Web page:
Why the oil-price collapse changes everything: Yergin

It was not long ago that $100 per barrel oil was accepted as the new normal. China's strong economic growth (and energy demand) would continue apace, and OPEC and Saudi Arabia would continue to play the traditional role as swing producer in support of oil prices. Events have proved otherwise.

Oil markets have entered a new period. Now it is supply, not demand, which is the key the factor, making not-so-distant discussions of "peak oil" seem very far gone. China's economy, while still growing, has slowed. And by leaving oil prices to the market, OPEC has effectively ceded the role of de facto swing producer to a country that hardly expected it—the United States.

Markets never cease in their ability to upend current expectations and confound established thinking. That is certainly the case for the world of energy in a year that has seen the rapid creation of new realities and overturned assumptions.

This is indeed a time of great turbulence and transition for energy. A convergence of major developments over the past year—led by the rapid oil-price collapse—has disrupted some of the most fundamental assumptions that were the basis for the long-term planning and investment that are essential to meeting the world's ever-growing need for energy.

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All of this amounts to what one might call an "era of new realism" for the energy industry—a period of recalibration and transition that calls for new thinking and ideas for managing and leading through the current cycle.

A turning point, or point of no return?

The theme for IHS CERAWeek 2015—our annual conference of global energy, policy and financials leaders that I am honored to chair—is this "turning point." It foreshadows profound changes throughout the energy spectrum, from oil-and-gas production to power generation, renewable energy and regulatory decisions.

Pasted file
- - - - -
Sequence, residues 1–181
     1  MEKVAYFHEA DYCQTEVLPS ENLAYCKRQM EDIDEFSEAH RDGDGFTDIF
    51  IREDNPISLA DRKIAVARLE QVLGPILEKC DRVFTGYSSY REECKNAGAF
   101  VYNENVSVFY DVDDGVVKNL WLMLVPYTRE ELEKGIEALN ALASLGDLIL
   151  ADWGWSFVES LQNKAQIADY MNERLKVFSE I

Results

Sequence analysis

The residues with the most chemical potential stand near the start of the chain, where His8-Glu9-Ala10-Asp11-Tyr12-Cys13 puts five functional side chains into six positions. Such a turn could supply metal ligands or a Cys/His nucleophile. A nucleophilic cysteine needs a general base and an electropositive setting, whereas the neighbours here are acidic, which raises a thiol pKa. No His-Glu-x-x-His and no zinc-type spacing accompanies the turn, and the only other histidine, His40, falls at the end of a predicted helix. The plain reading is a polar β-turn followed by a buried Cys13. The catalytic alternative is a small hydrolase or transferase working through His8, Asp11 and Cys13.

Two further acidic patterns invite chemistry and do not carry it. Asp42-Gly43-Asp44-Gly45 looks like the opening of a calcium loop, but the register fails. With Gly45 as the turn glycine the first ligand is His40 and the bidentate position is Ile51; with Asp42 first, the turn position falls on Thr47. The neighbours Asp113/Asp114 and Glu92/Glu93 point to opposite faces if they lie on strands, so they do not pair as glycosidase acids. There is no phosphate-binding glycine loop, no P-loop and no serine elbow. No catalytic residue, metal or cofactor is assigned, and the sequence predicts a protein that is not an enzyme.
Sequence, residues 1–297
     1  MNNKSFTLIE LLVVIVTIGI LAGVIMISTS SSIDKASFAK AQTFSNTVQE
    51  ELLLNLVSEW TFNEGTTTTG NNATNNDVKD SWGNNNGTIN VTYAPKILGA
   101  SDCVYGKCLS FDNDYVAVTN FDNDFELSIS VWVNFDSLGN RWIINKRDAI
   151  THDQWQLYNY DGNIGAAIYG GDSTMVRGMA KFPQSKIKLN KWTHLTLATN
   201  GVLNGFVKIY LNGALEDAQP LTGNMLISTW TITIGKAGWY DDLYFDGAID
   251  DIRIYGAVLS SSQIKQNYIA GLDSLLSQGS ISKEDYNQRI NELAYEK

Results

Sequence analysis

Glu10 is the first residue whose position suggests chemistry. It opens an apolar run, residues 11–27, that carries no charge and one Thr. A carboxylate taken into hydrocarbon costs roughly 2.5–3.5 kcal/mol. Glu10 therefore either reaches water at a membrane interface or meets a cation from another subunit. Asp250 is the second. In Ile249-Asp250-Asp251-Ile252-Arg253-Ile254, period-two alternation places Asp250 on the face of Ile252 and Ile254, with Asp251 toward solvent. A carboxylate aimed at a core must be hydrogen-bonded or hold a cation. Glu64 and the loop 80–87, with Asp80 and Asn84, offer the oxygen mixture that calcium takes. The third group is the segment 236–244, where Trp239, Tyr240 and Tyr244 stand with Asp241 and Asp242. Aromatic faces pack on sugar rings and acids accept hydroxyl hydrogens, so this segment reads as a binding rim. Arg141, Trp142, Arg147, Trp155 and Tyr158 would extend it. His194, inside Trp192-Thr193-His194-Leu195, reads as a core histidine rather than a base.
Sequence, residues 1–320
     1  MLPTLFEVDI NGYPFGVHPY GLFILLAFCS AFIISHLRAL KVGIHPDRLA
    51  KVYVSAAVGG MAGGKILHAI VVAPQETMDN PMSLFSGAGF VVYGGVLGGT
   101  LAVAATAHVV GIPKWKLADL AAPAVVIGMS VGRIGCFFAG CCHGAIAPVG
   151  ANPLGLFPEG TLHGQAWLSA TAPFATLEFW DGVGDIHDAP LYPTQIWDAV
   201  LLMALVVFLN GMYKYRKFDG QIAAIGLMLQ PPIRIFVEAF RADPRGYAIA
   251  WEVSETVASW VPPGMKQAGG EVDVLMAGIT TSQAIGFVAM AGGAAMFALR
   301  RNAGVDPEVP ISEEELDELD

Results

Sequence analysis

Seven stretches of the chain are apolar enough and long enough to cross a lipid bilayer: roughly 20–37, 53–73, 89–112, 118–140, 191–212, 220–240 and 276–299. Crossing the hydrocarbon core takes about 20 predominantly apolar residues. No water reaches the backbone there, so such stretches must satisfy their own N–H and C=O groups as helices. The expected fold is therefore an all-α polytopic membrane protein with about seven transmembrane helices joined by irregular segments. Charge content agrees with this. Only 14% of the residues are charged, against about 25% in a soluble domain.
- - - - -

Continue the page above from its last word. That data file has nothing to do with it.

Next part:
It reflects a time of fundamental shifts and long-term considerations, such as how North America will adapt to its new role as the emerging swing producer, and to what degree are the critical choices facing the power industry, and what to expect later this year from the U.N. Conference on Climate Change.

Understanding these new realities and what they will mean for markets, geopolitics, investment, costs, the environment and strategy will be key to the energy challenges ahead. Harnessing the knowledge and foresight required to meet those challenges and seize the opportunities for the future will be the task of the global group of energy, policy, technology and financial leaders gathering this week at IHS CERAWeek 2015 and into the future.

By Daniel Yergin, vice chairman of IHS and author, most recently, of "The Quest: Energy, Security, and the Remaking of the Modern World." He is the chair of this week's IHS CERAWeek conference in Houston, bringing together more than 2,500 energy thinkers from 50 countries.